People occasionally enquire why I do not spend more Column inches telling everyone what I have been doing on local issues. And there’s plenty I could tell, especially during the long Summer Recess when I have been active in all sorts of local spheres - law and order, healthcare, industrial planning, environment and farming and military related matters amongst many others. I take August off from surgeries (although I unusually had two last week), but the massive email postbag needs to be kept up to date. So aside from a few long weekends (all of our friends’ children seem to be having weddings this year), I am pretty much in and around Wiltshire ‘doing local stuff.’

Despite that, there are several reasons why I do not bang on about it too much. First, it could easily become a form of empty bragging. “Here is the meeting I had with a local business. That proves that I am fully up to date on the economy. Here’s my visit to the GP’s surgery to show my NHS credentials, and here is me up to my knees in a farmer’s field to demonstrate my rural credibility.” Something a bit distasteful about all of that. (I admit that I too may have been guilty of it in previous times.)

Second, too much emphasis on truly local issues (and I am always delighted to take them up with the appropriate authority whether that be Wiltshire Council, the Police or others locally), tends to suggest that my job is to represent Westminster in Wiltshire. It is of course the other way around. My job is in Westminster and crucially importantly in Whitehall taking up constituents’ concerns with Ministers and in Parliament, which I am never slow to do.

Incidentally, it is always worth remembering that I am a Representative, not a Delegate. That means that I cannot argue a case in Parliament with which I do not agree. Some Remainers in particular claim that I ‘do not represent them.’ Nothing could be further from the truth. I do indeed represent them and all 70,000 or so voters in North Wiltshire of all political persuasions and none. I represent them even if I do not agree with them on a particular issue. Their remedy will be in the ballot box, when my majority will no doubt reflect the degree to which I have fairly represented the majority of my constituents’ views on a whole spectrum of matters. Get it consistently wrong, and the MP loses his seat. That is the beauty of the First Past the Post electoral system.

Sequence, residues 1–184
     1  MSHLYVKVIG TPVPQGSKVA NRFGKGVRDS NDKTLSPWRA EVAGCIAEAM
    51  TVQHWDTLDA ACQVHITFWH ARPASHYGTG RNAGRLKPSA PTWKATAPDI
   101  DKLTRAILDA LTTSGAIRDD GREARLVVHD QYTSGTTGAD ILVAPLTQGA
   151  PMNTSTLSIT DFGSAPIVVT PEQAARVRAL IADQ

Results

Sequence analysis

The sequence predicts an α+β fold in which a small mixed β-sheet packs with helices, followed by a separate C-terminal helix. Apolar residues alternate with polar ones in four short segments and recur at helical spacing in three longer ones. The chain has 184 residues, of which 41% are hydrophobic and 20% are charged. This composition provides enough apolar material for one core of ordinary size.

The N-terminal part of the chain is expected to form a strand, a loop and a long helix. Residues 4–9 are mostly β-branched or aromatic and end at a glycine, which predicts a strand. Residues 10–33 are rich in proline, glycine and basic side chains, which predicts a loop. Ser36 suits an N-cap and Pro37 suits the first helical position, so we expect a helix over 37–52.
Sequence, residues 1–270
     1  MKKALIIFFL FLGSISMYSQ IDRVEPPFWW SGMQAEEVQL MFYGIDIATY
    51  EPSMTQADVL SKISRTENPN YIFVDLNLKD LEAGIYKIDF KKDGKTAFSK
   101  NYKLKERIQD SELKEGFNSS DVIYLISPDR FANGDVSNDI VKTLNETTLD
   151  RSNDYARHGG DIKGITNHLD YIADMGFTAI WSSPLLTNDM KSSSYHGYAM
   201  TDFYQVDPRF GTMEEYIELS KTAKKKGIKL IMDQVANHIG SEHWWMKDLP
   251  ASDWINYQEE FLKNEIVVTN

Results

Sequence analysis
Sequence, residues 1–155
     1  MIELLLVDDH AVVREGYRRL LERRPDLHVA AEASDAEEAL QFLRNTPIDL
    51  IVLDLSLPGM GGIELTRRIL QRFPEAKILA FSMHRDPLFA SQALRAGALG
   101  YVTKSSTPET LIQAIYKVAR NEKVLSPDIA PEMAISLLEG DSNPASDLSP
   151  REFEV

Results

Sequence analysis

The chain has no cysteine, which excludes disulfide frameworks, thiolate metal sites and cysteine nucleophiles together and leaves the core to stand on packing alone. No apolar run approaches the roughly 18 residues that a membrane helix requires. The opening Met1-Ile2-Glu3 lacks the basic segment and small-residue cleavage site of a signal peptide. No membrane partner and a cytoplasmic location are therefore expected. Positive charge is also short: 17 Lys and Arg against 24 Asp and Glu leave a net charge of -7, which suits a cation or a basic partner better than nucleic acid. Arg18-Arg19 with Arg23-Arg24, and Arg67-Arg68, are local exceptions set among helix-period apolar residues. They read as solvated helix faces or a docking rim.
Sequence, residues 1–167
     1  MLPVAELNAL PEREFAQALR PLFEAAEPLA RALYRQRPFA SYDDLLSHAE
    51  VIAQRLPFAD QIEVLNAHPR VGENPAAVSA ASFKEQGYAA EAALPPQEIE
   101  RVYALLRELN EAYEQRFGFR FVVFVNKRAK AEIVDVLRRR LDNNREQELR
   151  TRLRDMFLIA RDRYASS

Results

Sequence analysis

Third, I am sworn to secrecy with regard to constituency cases in exactly the same way as a lawyer or a doctor. I may well be working hard on behalf of particular constituents; but they would not thank me for broadcasting it in my weekly email.

And fourth, at a time like this, with momentous events occurring in Parliament and internationally, with the possibility of a General Election, a new PM and Administration, with international events in crisis in so many ways; with all that happening, most constituent readers might not thank me for a personalised diatribe about how busy I have been locally.

Having said all of that, I am very keen indeed to get Brexit and its associated issues out of the way so that we can indeed start to re-focus on the better running of the country. Like most people, I very much look forward to living in less exciting times, and promise to reflect that happy day in my weekly scribblings.